Announcing the October 1997 issue of Communist Voice:
revolutionary strategy in Mexico, Chinese CP 15th Congress,
more on dependency theory, deadly smog in Southeast Asia,
postmodernism is recycled nonsense,
two tactics with respect to coalition work, and more

The fifteenth issue of CV, vol. 3, #4 (Oct. 25, 1997, 60 pages of text)
contains the following articles:

(Titles are linked to the full text of the article. For articles without links, the text can be found at TOC15-alt.html, which, however, is only partially formatted.)

A brief indication of what these articles are about:

Capitalist pollution in SOUTHEAST ASIA

. "During the summer and early autumn of this year the skies of much of Southeast Asia were filled with a deadly build-up of air pollution. This was a repetition, on a larger and more severe scale, of a pollution problem which has been mounting in the region for a number of years and which is going to take much more to solve than the too little and too late cooperation of several ASEAN countries plus Australia to fight forest and peat fires which occurred in late September and October. According to the director-general of the World Wide Fund for Nature this year's episode was `not just an environmental disaster but a tremendous health problem being imposed on millions' (as indeed it was). But imposed by whom or what? We'll see below that it's obviously capitalist industrialization and development which are at root of the problem. . . .Thus the question of industrializing and tilling the soil on the basis of a new social system is raised. "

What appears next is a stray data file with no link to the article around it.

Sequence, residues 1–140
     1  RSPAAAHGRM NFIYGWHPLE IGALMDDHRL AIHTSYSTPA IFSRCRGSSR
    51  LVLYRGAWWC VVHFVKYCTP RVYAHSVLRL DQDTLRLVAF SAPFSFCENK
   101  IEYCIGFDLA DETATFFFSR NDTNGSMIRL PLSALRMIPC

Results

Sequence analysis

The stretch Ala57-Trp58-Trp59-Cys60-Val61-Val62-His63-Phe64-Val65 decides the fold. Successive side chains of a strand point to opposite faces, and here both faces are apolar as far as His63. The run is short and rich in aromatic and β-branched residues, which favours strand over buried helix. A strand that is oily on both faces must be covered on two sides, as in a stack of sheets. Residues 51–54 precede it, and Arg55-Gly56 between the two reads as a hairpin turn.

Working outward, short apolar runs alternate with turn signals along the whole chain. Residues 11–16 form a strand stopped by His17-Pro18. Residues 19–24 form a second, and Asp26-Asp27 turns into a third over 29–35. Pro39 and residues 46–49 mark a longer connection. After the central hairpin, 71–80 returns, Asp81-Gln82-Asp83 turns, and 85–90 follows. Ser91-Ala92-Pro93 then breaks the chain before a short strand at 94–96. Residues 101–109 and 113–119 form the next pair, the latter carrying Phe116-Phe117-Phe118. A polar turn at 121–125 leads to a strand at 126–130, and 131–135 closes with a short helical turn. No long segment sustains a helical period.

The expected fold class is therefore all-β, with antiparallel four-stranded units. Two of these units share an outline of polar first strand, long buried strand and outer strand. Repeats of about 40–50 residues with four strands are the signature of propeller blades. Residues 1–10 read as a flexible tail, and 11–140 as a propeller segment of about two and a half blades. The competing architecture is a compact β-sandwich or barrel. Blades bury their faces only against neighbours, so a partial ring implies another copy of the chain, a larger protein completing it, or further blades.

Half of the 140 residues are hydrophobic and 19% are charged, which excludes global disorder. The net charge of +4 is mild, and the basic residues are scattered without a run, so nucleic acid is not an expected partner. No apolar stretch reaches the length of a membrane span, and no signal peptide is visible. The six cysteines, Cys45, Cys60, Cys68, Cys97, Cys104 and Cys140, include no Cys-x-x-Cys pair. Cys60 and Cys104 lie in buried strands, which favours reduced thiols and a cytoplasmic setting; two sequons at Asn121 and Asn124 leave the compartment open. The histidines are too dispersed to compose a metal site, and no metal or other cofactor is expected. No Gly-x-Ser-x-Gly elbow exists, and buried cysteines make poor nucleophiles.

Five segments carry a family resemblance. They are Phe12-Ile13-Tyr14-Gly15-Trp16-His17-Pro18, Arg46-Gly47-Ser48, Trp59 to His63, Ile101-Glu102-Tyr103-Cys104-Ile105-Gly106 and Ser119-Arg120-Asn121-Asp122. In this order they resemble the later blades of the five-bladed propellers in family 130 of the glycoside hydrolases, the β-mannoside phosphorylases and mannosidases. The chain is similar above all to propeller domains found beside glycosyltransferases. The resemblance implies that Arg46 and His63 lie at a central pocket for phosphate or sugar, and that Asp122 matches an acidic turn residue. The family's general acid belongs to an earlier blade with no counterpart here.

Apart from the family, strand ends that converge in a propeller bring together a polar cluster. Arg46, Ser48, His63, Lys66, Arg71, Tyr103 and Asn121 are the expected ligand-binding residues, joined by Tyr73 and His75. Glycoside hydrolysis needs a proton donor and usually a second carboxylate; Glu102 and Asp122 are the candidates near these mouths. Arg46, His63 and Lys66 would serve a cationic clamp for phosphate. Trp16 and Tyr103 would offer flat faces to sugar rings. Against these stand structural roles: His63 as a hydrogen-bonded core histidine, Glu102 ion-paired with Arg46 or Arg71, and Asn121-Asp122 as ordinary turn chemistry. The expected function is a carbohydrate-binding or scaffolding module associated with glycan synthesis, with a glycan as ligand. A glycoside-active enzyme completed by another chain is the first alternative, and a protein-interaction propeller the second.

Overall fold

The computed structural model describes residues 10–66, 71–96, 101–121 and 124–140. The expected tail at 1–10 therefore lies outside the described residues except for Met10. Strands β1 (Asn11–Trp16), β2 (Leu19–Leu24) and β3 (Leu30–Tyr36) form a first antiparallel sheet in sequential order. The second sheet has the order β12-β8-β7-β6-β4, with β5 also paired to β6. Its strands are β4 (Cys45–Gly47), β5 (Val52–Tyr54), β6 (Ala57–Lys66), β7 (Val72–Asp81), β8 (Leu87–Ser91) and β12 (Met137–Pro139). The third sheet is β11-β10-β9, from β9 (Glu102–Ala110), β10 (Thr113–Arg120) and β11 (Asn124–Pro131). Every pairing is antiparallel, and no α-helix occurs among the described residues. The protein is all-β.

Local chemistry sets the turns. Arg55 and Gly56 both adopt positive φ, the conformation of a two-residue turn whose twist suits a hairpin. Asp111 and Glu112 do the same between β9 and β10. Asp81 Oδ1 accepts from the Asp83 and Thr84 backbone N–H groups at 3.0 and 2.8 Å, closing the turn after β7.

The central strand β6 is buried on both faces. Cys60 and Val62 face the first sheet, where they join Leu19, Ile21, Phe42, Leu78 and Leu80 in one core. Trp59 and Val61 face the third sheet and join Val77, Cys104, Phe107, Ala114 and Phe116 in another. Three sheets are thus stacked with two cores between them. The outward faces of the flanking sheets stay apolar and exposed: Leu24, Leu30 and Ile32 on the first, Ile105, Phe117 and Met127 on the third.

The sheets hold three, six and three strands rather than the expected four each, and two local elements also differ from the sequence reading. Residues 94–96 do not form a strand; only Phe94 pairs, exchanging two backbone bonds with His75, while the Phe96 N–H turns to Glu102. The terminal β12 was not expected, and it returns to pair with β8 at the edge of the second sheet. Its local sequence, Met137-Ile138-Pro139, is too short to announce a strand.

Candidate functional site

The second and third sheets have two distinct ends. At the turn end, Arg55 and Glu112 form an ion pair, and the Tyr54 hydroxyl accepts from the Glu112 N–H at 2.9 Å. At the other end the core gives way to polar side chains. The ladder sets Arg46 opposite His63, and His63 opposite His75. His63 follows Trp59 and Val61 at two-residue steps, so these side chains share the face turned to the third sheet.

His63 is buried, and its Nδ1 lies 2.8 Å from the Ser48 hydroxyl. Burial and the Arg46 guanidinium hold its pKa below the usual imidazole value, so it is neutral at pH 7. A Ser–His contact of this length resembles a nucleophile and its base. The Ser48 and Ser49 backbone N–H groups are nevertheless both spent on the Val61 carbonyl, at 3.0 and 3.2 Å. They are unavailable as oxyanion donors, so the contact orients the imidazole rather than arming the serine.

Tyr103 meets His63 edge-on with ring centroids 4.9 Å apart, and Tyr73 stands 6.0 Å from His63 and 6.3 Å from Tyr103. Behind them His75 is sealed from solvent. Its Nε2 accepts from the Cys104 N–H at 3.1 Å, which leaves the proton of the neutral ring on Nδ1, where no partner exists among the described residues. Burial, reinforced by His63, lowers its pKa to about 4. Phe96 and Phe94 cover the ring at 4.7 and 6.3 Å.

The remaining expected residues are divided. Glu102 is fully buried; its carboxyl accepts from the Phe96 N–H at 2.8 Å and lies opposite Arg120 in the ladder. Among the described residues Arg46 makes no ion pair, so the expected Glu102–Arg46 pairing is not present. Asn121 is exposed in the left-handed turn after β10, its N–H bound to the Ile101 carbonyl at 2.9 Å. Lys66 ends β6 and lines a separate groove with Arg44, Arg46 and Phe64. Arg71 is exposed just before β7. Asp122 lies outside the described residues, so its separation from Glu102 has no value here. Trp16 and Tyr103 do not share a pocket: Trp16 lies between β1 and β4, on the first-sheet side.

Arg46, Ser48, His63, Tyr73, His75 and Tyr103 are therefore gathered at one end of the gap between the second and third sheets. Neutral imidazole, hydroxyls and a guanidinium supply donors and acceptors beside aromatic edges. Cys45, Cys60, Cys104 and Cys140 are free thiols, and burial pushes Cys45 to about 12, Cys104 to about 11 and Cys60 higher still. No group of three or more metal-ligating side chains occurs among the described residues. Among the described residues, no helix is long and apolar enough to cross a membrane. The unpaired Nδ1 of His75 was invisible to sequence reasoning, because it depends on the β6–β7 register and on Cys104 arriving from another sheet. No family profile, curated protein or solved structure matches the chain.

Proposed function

CHINA: a congress of capitalists

. "The Communist Party of China held its 15th Congress in mid-September. This was a congress of capitalists. . . . It was a congress of state-capitalist bureaucrats striving to find new sources of capital so they can better compete in world trade with other capitalist powers. The main decisions taken at this congress involved the rapid transition from state-capitalist forms of ownership to private-market forms,. . . Leaders of the CPC freely recognize that this will maintain the class divisions that already exist in China, and in fact that these class divisions will be intensified. It was a congress upholding and extending the sacred banner of Deng Xiaoping Theory, whose most famous slogan is `It is glorious to get rich!'. . . . .

. "Some critics of the present-day Chinese regime harken back to the days of Mao. But Maoism doesn't provide an answer either. The Chinese economic and political system under Mao was first patterned after the Soviet revisionist model. In fact, Mao never had a clear analysis of what was wrong with Soviet state capitalism, so the Cultural Revolution didn't solve the problem and collapsed. Then, in the last few years of his life, Mao veered rightward again. There is much more in common between Deng's views and Mao's than the Maoists would like to admit. "